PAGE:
White Population Way Down In Suburban Chicago
Since 2010, the Chicago metro area has lost more white residents than any other racial group, according to a WBEZ analysis of U.S. Census Bureau population estimates released Thursday.
The region, which includes parts of Indiana and Wisconsin, lost about 220,000 white residents between 2010 and 2018. The drop in white population over that span of years has occurred entirely in the suburbs. Chicago — especially areas near downtown — has witnessed white population growth since 2010, according to previously released census data.
At the same time, the number of Latino and Asian residents has grown in each of the 14 counties in the metro area. Overall, from 2010 to 2018, the region’s Latino population grew by more than 78,000, while the Asian population increased by more than 75,000, according to the census estimates released Thursday.
Cook County lost more than 100,000 white residents between 2010 and 2018, with most of that decline occurring since 2014. Kendall County was the only county in the Chicago metro area to see an uptick in white population.
Cook County also lost about 76,000 black residents from 2010 to 2018, with most of that black population decline occurring in Chicago. A few counties — Will, DuPage, and Kendall — each gained a few thousand black residents.
Indiana University sociologist Samuel Kye says population trends suggest that white residents move to other towns once nonwhite groups become 20% to 25% of the population. “Past that point, white flight is going to be more likely,” Kye said.
The nonwhite population is more than 20% in at least three quarters of Cook County’s 135 municipalities, according to a WBEZ analysis of census data.
Kye’s 2018 research examined the changing racial makeup of suburbs in the 150 largest U.S. metropolitan areas.
“White flight” historically described the movement of white residents out of the city into the suburbs, in response to black residents moving into their neighborhoods. In Chicago, some neighborhoods, like North Lawndale on the city’s West Side and Englewood on the city’s South Side, flipped from mostly white to mostly black within a decade.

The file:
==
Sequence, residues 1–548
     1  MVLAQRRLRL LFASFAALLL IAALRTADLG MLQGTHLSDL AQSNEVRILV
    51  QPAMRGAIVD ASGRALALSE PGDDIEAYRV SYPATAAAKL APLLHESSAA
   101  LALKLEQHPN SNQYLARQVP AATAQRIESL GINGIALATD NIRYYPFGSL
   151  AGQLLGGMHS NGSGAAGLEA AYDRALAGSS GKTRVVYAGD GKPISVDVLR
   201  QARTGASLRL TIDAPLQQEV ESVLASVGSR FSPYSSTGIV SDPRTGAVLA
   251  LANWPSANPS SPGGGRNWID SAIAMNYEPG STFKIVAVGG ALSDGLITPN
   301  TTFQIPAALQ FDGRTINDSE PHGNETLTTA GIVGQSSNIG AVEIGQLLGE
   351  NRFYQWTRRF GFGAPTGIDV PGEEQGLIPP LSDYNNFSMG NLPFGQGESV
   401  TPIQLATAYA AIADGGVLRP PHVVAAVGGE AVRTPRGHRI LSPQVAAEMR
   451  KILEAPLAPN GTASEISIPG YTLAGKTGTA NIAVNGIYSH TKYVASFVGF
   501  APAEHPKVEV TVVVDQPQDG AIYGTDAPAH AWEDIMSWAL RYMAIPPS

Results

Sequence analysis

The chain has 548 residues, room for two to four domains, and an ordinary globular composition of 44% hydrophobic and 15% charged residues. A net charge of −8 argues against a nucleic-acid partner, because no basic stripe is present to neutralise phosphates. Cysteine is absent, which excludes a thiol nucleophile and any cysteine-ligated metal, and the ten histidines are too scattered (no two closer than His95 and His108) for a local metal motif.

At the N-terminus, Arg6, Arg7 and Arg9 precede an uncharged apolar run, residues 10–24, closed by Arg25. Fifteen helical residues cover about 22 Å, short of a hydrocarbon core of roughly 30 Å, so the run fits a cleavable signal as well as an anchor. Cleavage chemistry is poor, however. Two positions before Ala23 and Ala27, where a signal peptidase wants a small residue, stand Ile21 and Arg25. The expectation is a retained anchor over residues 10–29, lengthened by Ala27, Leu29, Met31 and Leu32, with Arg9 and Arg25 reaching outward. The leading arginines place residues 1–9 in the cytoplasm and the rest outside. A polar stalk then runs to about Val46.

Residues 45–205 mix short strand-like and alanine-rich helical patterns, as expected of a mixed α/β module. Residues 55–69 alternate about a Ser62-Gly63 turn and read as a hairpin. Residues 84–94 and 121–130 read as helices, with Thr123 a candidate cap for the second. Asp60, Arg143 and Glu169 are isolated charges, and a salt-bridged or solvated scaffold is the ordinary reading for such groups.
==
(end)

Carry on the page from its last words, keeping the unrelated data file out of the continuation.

Kye says that phenomenon now extends from the suburbs to further towns still, and sometimes to other parts of the country.
“More recently, white flight is actually more likely in middle-class, suburban neighborhoods than their poorer [urban] counterparts,” Kye said.
He added that, in the past 15 years or so, white populations also have been leaving places that have seen the growth of other minority groups, like Asians and Latinos, not just African Americans.
Northwestern University professor Lincoln Quillian said other factors contribute to the white population loss in Chicago’s suburbs.
“There’s been a nationwide movement of younger, more affluent people into central cities,” he said. “People also have fewer kids on average and are likely to stay childless for longer, and so that makes living in the central city more appealing.”
Quillian also cited the “business explosion” in Chicago’s downtown as a reason why many white residents are moving out of the suburbs and into the city.
A WBEZ analysis of previously released American Community Survey data from the census bureau showed that most of the suburbs in Cook County have lost white residents in recent years.
Comparing datasets covering the five-year periods ending in 2012 and 2017, WBEZ found that south suburban Oak Lawn lost the most white residents in Cook County, about 5,200. That loss was essentially replaced by the village’s combined growth in Latino, black and Asian residents, the analysis showed.
Northwest suburban Schaumburg lost about 4,400 white residents, but also gained an additional 3,800 Asian residents.
Other towns in Cook County that lost more than 3,000 white residents, according to the WBEZ analysis, include northwest suburban Hoffman Estates, north suburban Skokie and west suburban Berwyn — all municipalities that saw growth in minority populations.